The Iceland trip, in popular culture, was because you were obsessed with or believed in the end of the world.
No, I went to Iceland to locate my genius, my guardian angel, which is supposedly the combined wisdom of all your incarnations up to the current day. This is what I went there for.
Is that geolocated?
It was a process. You have to stop what you’re doing, take time off. That’s all I wanted to do.
Is that the Abramelin?
No, it’s not that. It’s a similar system, but I didn’t use the Abramelin system.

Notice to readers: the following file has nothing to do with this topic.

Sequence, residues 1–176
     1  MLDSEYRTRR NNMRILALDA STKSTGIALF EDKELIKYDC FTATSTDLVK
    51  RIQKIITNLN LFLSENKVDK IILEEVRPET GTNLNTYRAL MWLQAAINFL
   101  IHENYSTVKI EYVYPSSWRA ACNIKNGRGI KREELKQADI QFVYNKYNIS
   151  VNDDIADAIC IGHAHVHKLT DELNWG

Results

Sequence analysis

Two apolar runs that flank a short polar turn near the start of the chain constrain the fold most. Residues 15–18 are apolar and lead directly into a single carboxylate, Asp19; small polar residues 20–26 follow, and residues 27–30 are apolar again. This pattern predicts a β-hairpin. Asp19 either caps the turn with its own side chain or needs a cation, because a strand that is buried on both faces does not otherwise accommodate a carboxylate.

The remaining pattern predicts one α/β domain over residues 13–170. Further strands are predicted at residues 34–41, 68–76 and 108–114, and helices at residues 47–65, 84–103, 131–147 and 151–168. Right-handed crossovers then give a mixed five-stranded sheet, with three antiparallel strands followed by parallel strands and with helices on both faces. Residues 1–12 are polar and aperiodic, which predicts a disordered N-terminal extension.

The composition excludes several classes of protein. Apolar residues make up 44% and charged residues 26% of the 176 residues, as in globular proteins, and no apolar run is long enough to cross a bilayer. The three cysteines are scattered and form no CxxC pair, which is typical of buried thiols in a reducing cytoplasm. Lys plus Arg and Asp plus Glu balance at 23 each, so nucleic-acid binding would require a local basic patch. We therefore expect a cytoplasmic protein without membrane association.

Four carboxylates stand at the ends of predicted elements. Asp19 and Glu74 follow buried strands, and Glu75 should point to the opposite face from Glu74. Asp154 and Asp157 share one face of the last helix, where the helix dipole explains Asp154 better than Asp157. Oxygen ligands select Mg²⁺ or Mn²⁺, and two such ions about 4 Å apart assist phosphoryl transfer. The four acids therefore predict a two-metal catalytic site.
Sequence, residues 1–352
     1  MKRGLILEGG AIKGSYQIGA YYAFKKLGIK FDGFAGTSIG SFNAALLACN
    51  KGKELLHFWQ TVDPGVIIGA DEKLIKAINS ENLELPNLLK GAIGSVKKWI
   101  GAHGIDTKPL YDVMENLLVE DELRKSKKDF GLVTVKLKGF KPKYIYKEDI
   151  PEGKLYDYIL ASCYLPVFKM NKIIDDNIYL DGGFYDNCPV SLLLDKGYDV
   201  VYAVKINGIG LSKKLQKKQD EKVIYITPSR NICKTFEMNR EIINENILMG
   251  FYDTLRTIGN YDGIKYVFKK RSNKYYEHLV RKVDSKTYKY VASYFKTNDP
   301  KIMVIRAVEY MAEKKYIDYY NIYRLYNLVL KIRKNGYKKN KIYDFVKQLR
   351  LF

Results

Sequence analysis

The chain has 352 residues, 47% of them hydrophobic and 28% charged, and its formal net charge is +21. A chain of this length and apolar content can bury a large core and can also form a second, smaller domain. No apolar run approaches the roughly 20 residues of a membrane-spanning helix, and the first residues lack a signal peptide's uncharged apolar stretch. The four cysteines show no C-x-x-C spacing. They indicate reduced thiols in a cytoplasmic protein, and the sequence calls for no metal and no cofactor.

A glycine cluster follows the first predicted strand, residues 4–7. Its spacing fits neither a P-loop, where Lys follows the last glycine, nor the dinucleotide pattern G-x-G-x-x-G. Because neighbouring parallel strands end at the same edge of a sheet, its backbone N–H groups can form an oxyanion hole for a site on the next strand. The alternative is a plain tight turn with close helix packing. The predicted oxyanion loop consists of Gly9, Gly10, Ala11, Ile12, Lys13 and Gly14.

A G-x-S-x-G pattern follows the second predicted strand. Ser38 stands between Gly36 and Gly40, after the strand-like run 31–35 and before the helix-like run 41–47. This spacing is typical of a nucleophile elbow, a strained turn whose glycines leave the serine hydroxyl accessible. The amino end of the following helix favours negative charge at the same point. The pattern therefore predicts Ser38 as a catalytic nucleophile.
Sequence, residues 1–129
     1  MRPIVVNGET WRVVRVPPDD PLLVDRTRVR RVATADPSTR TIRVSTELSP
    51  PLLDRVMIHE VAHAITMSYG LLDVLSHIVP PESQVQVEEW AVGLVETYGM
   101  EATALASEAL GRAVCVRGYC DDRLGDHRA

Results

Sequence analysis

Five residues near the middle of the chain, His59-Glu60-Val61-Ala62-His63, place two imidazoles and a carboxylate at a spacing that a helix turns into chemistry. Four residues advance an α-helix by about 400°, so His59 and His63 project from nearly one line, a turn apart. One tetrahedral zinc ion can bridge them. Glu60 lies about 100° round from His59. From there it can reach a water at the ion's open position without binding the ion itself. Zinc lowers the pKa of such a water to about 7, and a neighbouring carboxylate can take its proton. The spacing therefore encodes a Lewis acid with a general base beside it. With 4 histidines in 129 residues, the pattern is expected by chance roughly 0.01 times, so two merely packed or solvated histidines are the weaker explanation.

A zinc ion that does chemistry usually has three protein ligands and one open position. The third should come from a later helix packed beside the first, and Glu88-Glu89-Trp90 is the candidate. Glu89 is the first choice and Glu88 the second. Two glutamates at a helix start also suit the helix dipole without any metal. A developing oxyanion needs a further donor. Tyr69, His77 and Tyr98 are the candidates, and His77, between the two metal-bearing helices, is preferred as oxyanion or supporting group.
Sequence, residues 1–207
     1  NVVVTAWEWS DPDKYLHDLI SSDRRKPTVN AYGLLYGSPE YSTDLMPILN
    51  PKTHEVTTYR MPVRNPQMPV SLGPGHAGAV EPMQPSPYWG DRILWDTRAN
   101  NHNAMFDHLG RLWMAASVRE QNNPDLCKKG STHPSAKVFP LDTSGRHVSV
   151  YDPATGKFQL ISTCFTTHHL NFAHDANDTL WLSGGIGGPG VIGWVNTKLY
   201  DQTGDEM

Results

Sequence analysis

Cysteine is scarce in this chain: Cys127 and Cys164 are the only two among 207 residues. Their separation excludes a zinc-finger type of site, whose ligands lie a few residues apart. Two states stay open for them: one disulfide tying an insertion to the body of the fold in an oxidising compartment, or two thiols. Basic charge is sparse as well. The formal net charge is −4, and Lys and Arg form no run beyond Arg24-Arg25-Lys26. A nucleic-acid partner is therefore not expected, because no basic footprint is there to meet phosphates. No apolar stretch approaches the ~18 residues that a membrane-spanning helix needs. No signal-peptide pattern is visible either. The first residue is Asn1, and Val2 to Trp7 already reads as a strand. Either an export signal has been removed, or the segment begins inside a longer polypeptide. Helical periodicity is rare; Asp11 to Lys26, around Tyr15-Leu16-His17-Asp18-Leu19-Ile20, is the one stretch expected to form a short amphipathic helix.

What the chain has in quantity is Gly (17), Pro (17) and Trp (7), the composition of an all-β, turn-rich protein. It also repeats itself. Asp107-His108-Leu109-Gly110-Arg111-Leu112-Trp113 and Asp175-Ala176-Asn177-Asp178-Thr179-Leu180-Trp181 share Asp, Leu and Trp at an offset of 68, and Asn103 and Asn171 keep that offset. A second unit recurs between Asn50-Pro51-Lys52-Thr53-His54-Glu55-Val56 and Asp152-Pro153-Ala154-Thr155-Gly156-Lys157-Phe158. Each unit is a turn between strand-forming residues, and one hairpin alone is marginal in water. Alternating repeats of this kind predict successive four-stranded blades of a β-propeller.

Is this the last Killing Joke album?
You’d better get your visualisations right. Because the thing is, from 12 January, speaking astrologically, we’re in a very, very dark place. I can make a calculated guess. All the astrologers are talking about it. The best thing is to stay in bed. [laughs]
On November 29th, Jaz Coleman, founding member with the legendary Killing Joke, releases Magna Invocatio: A Gnostic Mass for Choir and Orchestra Inspired by the Sublime Music of Killing Joke through Spinefarm Records, the first release of the MASTERSCORE Series. Full details available through
Photos by Ester Segarra